📅 Posted 2020-12-04
For some background, I run a small web design/hosting/what-have-you business on the side of my main career. I’ve written about this before here. Interestingly, most of my clients are either dentists or dental specialists.
I thought it’s time to think back over the past 12 months - as much as they’ve been pretty unusual - and reflect on what’s next for the little old purple toaster. I’ve continued to maintain the serverless CMS “Koi CMS” that I created, since it does make maintaining websites so very nice (I’m using it right now, of course!). And with all of that time invested, keeping it going doesn’t require a huge amount of time.
I’m often thinking about scaling the business. Not because I really want it to ramp up and take over my main career, but it’s one of three distinct options. The other two are to keep it ticking along at the same pace or wrap it up. Both of which don’t sound exciting!
A lot of my time is spent on pretty mundane activities, some of which could be automated and some could be outsourced, to give me room to focus more on higher value activities like getting new clients or building out new fully sick features.
I dread invoice time, as it’s all manual at the moment, but would love a bit of time to build some automation between my accounting system and my CMS. Invoices could definitely be auto-generated for things like webste & email hosting and domain registration renewals. The invoices could also be automatically PDF’ed and uploaded into the CMS, ready for customers to view in their ‘billing’ page. The invoices are there today - but only because I’ve been manually uploading them each time!
Another area to scale is the creation of the websites. It’s a pretty manual affair - even when using a pre-built theme that I’ve already converted from either plain HTML or Wordpress into the right set of template files that Hugo loves. I have a distinct way of doing this, which gives me a good structure for each of the themes I’ve converted, but if I were to pay someone else to do this, then it would be interesting to see how they would structure the conversion process.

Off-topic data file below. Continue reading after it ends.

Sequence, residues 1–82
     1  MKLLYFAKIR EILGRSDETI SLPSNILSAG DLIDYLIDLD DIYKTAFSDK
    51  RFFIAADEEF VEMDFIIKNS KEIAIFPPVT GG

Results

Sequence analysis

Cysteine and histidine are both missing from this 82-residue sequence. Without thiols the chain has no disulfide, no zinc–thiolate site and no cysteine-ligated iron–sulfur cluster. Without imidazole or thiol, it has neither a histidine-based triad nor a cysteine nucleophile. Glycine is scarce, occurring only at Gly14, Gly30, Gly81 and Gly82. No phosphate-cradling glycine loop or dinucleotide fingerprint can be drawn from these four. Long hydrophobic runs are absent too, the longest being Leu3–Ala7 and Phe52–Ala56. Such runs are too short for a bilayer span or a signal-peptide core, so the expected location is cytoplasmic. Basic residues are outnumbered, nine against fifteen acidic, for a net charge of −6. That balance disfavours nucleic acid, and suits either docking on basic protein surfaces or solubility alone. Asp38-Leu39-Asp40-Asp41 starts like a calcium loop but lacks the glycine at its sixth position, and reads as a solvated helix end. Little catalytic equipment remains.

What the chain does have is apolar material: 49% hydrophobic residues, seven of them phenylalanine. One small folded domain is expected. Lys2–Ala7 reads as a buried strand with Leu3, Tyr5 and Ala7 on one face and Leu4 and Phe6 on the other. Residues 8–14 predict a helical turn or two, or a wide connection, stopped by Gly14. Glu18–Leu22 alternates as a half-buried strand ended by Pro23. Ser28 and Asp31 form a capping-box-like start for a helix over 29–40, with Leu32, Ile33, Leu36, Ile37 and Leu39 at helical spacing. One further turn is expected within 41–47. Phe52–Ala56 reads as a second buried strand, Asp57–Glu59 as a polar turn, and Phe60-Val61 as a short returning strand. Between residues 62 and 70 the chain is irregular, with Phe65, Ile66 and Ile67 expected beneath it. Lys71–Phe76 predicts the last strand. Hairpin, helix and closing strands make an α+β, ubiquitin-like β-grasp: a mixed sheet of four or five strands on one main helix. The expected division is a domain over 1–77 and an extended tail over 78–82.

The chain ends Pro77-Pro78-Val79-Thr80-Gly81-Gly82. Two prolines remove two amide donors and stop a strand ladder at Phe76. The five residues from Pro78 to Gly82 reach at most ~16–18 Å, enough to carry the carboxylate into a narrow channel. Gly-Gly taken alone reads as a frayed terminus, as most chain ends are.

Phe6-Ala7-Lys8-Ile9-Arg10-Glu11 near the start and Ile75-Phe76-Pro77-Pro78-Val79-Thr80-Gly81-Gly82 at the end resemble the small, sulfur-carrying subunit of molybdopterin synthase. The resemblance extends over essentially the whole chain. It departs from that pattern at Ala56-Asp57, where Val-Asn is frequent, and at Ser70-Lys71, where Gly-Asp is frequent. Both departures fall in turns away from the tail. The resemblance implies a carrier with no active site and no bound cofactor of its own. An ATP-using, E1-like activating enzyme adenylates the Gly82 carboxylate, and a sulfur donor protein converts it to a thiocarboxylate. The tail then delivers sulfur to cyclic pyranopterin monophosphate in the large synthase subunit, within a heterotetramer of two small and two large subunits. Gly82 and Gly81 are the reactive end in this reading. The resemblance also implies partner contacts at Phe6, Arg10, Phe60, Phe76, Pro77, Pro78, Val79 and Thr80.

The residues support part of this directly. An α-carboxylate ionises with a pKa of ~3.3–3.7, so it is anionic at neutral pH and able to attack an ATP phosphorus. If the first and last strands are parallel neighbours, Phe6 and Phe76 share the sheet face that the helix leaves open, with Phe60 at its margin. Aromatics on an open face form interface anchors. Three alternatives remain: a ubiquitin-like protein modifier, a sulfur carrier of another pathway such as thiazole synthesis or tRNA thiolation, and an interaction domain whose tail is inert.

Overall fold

What inspired me (in part) to write this was an email from a web design company offering all manners of “PHP” and “Salesforce” development skills… which is quite amusing being a web design agency already. I guess they’re not really checking which companies they email. Perhaps they would offer the same level of service to big firms? Probably.
Anyways, it’s not the first of these emails I’ve got and it certainly won’t be the last. But it got me thinking, I’ve never seen anyone list out Hugo or Jekyll or any of the other static site generators as common skills on offer. I guess they really haven’t hit critical mass like Wordpress yet. Maybe one day.
So there’s an opportunity: engage a subcontractor to build out a set of themes for me, either on demand (when a client selects a new template I haven’t got in my library yet) or simply to build up the set of themes which a client can choose from. Typically, they don’t want anthing hugely different from one-another, but they do often want something a little unique. The job is certainly easier if an existing theme is chosen and the licence cost per use of the theme is still very reasonable, especially for the HTML themes.
The last area which is still pretty time-consuming is converting and migrating existing sites, updating content and images to suit new client requirements and then publishing the site - often with a bunch of manual DNS cut-over tasks. I would say a tool to suck out the content from an existing site and create a series of markdown pages would be useful (I’ve used one in the past) but it’s never perfect and almost always requires hours of work tidying up and updating to meet needs.
An option from left-field would be to open the ability to click & create websites without any manual effort - in a kind of self-service mode - directly competing with Wix and Wordpress.com (and probably countless others). That sounds like a lot of effort right now, so perhaps keep that one in the back pocket for the time being.
As it stands, 2020 was a fairly quiet year for websites, with most businesses really focusing on quite other very important things and not worrying too much about their website. No surprises there. But perhaps 2021 is the year of the website and suddenly every dentist in the country wants a new website?